DWP Office Closures

– in the House of Commons at 12:47 pm on 23rd June 2022.

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Motion made, and Question proposed, That this House do now adjourn.—(Gareth Johnson.)

Photo of Chris Stephens Chris Stephens Shadow SNP Spokesperson (Fair Work and Employment) 12:49 pm, 23rd June 2022

I want to raise the issue of Department for Work and Pensions office closures. I draw the House’s attention to my entry in the Register of Members’ Financial Interests, in particular my role as chair of the Public and Commercial Services Union parliamentary group.

Madam Deputy Speaker, I believe you have made representations on behalf of your constituents who are employed in the Department for Work and Pensions. This issue affects DWP staff across these islands. The PCS is the largest trade union in the civil service, representing 180,000 members, with workers throughout the civil service and Government agencies, including 50,000 members employed by the DWP. They are concerned, as hon. Members across the House are, about the DWP’s announcement of 17 March 2022 that more than 40 of its processing sites are to close, which we believe has the potential of putting more than 3,000 jobs at risk of redundancy.

There are three categories of processing site closures. The first is where the site is closing and the work will not be consolidated anywhere in the vicinity. I understand there are 13 sites in that category. The second category is where the site is closing but work will be consolidated into an office that the DWP has deemed is within the vicinity, which I understand is 28 sites. The third category is sites that were originally announced as transitional, which will be retained in the short to medium term but will remain badged as transitional. That is eight sites.

Despite the initial assurances given by Department Ministers at an urgent question I secured, the real concern is that we were told that the closures would not impact frontline services, but a further announcement, on 30 March, was for the closure of five jobcentres. That is very concerning and seems to be the latest push by the DWP to implement its network design strategy, which will put jobs and services at serious risk, and there is concern that the latest announcements could signal further jobcentre closures.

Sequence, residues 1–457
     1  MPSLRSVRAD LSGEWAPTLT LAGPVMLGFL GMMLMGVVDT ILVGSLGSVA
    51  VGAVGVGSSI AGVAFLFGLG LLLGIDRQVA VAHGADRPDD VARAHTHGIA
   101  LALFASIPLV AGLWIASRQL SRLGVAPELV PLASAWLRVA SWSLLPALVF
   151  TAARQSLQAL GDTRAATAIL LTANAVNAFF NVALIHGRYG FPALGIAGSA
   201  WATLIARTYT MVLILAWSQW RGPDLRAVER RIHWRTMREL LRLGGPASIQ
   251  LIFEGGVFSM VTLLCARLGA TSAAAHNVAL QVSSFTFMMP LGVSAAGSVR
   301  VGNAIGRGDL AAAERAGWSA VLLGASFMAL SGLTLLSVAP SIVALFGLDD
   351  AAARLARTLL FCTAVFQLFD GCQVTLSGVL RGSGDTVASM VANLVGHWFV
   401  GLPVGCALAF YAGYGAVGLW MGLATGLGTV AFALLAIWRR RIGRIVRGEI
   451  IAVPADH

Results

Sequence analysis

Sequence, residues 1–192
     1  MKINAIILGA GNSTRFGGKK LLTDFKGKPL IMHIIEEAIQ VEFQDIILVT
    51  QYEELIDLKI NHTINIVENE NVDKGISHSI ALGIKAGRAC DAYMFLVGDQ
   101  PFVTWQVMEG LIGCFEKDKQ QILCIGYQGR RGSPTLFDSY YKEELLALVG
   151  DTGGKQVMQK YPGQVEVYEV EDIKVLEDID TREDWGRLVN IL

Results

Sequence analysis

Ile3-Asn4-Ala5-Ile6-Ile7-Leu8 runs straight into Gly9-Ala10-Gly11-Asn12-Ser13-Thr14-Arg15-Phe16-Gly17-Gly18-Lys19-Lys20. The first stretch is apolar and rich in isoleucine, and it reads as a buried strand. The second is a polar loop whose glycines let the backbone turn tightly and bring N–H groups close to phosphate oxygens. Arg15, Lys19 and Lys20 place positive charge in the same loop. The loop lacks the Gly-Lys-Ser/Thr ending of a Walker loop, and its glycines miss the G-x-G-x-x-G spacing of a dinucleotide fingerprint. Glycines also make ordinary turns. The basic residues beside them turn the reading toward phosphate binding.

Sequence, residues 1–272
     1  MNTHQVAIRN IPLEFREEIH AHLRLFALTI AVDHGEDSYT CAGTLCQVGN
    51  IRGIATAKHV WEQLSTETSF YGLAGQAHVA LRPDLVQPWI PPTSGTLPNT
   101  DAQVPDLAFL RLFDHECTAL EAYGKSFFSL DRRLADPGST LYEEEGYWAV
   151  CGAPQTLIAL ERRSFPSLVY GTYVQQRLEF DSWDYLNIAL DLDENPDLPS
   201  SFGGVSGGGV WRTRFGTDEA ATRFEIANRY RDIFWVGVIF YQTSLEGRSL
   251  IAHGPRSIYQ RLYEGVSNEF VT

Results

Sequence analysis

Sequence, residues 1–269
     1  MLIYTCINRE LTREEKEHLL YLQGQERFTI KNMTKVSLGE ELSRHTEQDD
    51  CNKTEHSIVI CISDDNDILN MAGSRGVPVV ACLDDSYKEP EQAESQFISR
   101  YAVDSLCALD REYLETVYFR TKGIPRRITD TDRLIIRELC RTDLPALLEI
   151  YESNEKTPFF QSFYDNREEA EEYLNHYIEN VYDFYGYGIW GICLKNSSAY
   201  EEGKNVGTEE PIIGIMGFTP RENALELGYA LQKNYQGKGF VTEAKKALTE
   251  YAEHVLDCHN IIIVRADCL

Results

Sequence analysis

The PCS parliamentary group is clear that, following the previous closures under the people and locations programme, these closures will have a devastating impact on the services that staff provide and the local communities where the offices are based. They are a serious threat to DWP staff jobs.

On 17 March, when the original announcement was made, there were 1,118 staff in processing sites that will close without the work being consolidated within the vicinity and 7,341 staff in sites where the work is being consolidated into other offices. The speed at which the Department is operating and has moved to issue “at risk of redundancy” letters to staff across 25 of the 43 sites vindicates the concerns that many of us have that jobs will be lost as a result of the closures.

While some of the sites in the second category are seeing work moving into buildings that are very close by—the Falkirk and Preston sites, for example—other offices that the DWP has classed as being in the vicinity, and so plans to move staff to, are actually some considerable distance away. That includes the proposal to move the Doncaster office to Sheffield, which you will be aware, Madam Deputy Speaker, is 22 miles away. In many of the offices, one-to-one meetings have taken place with members of staff and it is clear that many will not be able to move; it is therefore certain that many DWP staff will be faced with the very real prospect of redundancy.